(Monday evening) Survived this phenomenon called the Applecross Games Weekend. The second part of the work day began by bottling up at the Inn and then the doors opened and stayed open for the rest of the day. Weather was on our side and not the kitchen’ with every table outside used for eating, drinking and listening to the music provided for the after Games party or as Joe calls it the Aftermath. Had fantastic comments throughout the day on the food and with everyone in a good mood an enjoying themselves even the rare mistakes were quickly corrected. A honeymoon couple were staying at the Inn and I had forgotten their scallops, not for long but also their wine, but with weather and music it was easy to appease, not that they needed any. He had proposed on the coral of Ard Ban and they had just been married so where else would they come. They lived at Drumsheugh….. west end of Edinburgh and that little snippet reminded me of a night in the West End Hotel after a Scotland/Ireland rugby international where the discussion with a couple of Highland polis went along the lines of would we be able to get a grant from the then HIDB to fish for lobster on the West End Hotel staircase…..silly times. Working at the Inn enables me to catch up with people from the past and present, 34 years since I met up with Peter and Maggie who had come over with Kenny and Susan of the Plockton Inn, cousins, some by marriage!! John from Kyle also stopped by for a chat, love these meetings and catchups. Have the Inn to thank for that. Little else to report on the day other than to wonder, when gathering some plates, if the wasp which seemed to be drowning in the toffee sauce was its version of going to a better place.

“Hindsight is an Exact Science”

Feels like a weeks worth has been done and it is only Wednesday, but then when does a week start and finish in Applecross? On Sunday it was one of those days when the door at the Inn opened around 11.30 and stayed open as people came in from all corners of the world, I am pretty sure there was some one from every continent in. I know we had Afrikaans, Chileans, Asians, Aussies and the usual Europeans and North Americans all complimenting the food and service, the weather which was a little wintry did not put anyone off. Kitchen worked well and long and when I sat down at around six it was to a fine shell of hand dived scallops with a rice and salad to go with it. By the end of the day the weather had improved somewhat and Thor appeared over Skye and Raasay to show the visitors that Applecross has at least two seasons a day.

This meant that with the forecast for a breezy Monday morning from the west to settle down later, a relaxed start to the day was appreciated. With it being so busy though I had to get out and a lunch time haul into early evening brought the langoustines back on to the menu board. With a few more berries appearing in the creels another fleet has to be hauled to keep the supplies going. Almost got the long-standing fleet on the Pier repaired so that will go out in the next week.

Monday evening we had a Trading Company meeting and the main topic at the moment is broadband. It is complicated and with so many factors involved, quite a few of them are not in our control. Giving everyone individual addresses before switching over to the new system has thrown up more than a few problems. We have had no internet for about 4 weeks, but is now up and running. Likewise the North Coast although there is a lot of drop off. Today’s problem is a router in Toscaig which is now in the post so that should be sorted fairly quickly. I think that the statement “Hindsight is an exact science” could quite easily be applied to our attempts at providing this service. We all find it very draining and the strong rumour that fibre optic is coming over the Bealach, treated with a fair amount of skepticism admittedly, would be such a boon to our efforts in keeping the system going. Using remote islands to service the more tricky parts of the peninsula, relying on people’s good will, while not having enough expertise in the community to ease the burden of the few who are keeping the system up and running is getting harder and harder. The alternatives are pretty grim, getting a half meg from BT or paying three times as much for a poor satellite service that is constantly being slowed down as they put on too many users restricting width. Maybe we have to go through the fire like we did with the Filling Station before we find a solution to our problems. The latest national solution is certainly not going to work in its current form, loading so much work on community groups so we get the next generation network. We are struggling to get and keep this generation one. However as always you feel better after a meeting like this as you hear everyone’s views, opinions and the actions to be taken. Must be a sign of age or just the fact I have been self-employed my whole life, I accept we are where we are and we have to deal with it, maybe some of the decisions we take will not be to everyone’s individual benefit but will have to be taken.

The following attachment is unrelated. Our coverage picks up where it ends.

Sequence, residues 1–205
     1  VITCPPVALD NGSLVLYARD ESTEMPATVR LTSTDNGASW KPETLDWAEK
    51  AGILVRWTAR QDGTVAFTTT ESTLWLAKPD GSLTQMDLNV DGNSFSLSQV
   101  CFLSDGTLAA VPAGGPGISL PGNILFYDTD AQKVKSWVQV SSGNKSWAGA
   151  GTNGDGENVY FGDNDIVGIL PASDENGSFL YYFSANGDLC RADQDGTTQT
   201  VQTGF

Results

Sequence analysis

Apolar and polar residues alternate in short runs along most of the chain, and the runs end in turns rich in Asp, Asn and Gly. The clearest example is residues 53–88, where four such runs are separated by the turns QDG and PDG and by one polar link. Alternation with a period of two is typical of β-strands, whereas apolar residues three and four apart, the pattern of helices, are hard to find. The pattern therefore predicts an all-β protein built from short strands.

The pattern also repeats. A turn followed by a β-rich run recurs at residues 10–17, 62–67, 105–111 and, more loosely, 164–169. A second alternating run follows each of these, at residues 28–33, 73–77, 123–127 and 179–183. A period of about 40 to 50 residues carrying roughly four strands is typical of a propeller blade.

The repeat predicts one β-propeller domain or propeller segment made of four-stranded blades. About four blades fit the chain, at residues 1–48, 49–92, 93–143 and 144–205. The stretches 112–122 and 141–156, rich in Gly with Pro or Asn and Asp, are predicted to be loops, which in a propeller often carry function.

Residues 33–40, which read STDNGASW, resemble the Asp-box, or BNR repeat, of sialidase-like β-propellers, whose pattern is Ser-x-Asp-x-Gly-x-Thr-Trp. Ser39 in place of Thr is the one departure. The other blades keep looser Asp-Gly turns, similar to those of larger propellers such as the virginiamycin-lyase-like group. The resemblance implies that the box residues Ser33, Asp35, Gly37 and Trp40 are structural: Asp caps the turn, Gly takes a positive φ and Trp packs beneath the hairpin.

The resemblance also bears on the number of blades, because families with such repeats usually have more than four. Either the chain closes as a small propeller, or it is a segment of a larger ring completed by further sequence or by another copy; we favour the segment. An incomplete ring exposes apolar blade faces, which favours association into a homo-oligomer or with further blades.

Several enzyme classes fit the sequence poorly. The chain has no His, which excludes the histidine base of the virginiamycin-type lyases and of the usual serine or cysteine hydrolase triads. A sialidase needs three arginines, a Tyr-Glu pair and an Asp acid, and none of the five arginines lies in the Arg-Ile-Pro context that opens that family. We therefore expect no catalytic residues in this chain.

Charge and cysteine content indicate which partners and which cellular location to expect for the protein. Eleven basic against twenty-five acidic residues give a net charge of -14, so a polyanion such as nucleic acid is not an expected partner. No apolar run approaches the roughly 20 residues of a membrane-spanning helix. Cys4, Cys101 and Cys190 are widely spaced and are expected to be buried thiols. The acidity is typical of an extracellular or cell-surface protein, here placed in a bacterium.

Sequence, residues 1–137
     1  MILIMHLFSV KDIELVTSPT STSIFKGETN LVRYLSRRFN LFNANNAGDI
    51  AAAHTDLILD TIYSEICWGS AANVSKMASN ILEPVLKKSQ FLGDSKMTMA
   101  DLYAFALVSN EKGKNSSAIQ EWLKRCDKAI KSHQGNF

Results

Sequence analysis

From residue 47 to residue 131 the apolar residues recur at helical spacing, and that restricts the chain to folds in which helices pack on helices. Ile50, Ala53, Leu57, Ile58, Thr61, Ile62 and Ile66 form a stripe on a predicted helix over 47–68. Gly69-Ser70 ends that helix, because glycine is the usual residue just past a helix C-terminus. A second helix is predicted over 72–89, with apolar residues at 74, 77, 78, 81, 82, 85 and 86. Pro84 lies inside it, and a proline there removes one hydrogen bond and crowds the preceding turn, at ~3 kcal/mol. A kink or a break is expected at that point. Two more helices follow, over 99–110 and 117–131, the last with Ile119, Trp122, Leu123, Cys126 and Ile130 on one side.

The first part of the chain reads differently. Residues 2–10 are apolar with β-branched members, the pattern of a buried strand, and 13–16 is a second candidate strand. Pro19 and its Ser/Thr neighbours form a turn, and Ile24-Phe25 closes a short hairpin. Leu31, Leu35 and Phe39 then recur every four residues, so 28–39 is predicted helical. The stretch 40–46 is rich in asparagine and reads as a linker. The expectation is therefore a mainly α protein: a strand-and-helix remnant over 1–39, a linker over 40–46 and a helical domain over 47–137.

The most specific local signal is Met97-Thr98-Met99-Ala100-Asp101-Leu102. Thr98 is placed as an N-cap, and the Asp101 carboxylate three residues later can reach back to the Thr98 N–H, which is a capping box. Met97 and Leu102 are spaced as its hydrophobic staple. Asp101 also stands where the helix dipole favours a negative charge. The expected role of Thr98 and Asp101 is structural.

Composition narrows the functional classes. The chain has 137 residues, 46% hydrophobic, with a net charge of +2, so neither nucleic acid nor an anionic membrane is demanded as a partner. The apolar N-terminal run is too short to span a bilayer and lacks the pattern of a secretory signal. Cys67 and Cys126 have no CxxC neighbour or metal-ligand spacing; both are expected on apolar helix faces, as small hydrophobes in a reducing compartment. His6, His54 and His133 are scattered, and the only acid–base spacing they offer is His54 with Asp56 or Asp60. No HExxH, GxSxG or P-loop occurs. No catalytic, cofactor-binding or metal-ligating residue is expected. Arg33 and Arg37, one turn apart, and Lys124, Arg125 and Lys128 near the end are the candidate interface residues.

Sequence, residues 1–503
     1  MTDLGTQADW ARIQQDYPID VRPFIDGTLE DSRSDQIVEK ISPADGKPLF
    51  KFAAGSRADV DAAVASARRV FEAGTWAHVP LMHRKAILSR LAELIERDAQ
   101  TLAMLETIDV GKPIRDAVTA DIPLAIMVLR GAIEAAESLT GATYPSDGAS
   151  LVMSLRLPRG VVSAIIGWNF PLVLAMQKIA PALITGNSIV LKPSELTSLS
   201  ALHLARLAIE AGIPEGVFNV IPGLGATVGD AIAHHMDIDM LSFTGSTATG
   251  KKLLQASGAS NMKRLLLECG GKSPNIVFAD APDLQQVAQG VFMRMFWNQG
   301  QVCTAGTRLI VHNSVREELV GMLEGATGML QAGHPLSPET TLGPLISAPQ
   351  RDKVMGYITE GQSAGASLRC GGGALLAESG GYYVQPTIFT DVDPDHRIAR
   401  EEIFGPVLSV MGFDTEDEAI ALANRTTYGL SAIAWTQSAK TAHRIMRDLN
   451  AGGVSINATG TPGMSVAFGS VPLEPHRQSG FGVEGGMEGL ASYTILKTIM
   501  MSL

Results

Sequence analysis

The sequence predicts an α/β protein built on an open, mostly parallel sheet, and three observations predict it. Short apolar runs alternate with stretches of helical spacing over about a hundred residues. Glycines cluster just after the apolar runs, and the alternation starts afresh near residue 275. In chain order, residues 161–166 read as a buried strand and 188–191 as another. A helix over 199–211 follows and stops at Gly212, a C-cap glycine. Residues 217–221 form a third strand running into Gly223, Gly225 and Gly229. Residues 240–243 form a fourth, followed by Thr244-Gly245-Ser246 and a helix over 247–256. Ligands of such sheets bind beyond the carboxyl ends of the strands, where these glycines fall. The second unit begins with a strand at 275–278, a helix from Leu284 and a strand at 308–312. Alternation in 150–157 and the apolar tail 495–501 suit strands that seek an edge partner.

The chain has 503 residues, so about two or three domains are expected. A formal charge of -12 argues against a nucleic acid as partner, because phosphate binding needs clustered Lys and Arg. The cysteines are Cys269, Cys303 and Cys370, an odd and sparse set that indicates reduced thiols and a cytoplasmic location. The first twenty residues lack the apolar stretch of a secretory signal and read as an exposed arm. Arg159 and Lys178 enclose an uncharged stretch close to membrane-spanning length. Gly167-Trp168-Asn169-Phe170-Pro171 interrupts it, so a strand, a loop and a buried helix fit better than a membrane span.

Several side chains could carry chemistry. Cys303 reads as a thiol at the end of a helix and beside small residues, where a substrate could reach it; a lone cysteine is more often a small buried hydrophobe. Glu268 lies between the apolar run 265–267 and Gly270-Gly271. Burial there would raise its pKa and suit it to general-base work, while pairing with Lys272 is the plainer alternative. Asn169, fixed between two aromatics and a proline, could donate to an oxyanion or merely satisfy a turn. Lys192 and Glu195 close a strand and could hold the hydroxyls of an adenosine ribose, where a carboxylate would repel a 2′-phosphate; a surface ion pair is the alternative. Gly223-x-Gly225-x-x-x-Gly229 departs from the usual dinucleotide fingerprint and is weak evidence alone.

Going fishing and easing away to some extent from the direct stress of these issues helps although the body comes under a fair bit of pressure hauling over 400 pots. Beautiful sunny/blue sky day,

gannets

and even the seagulls were enjoying.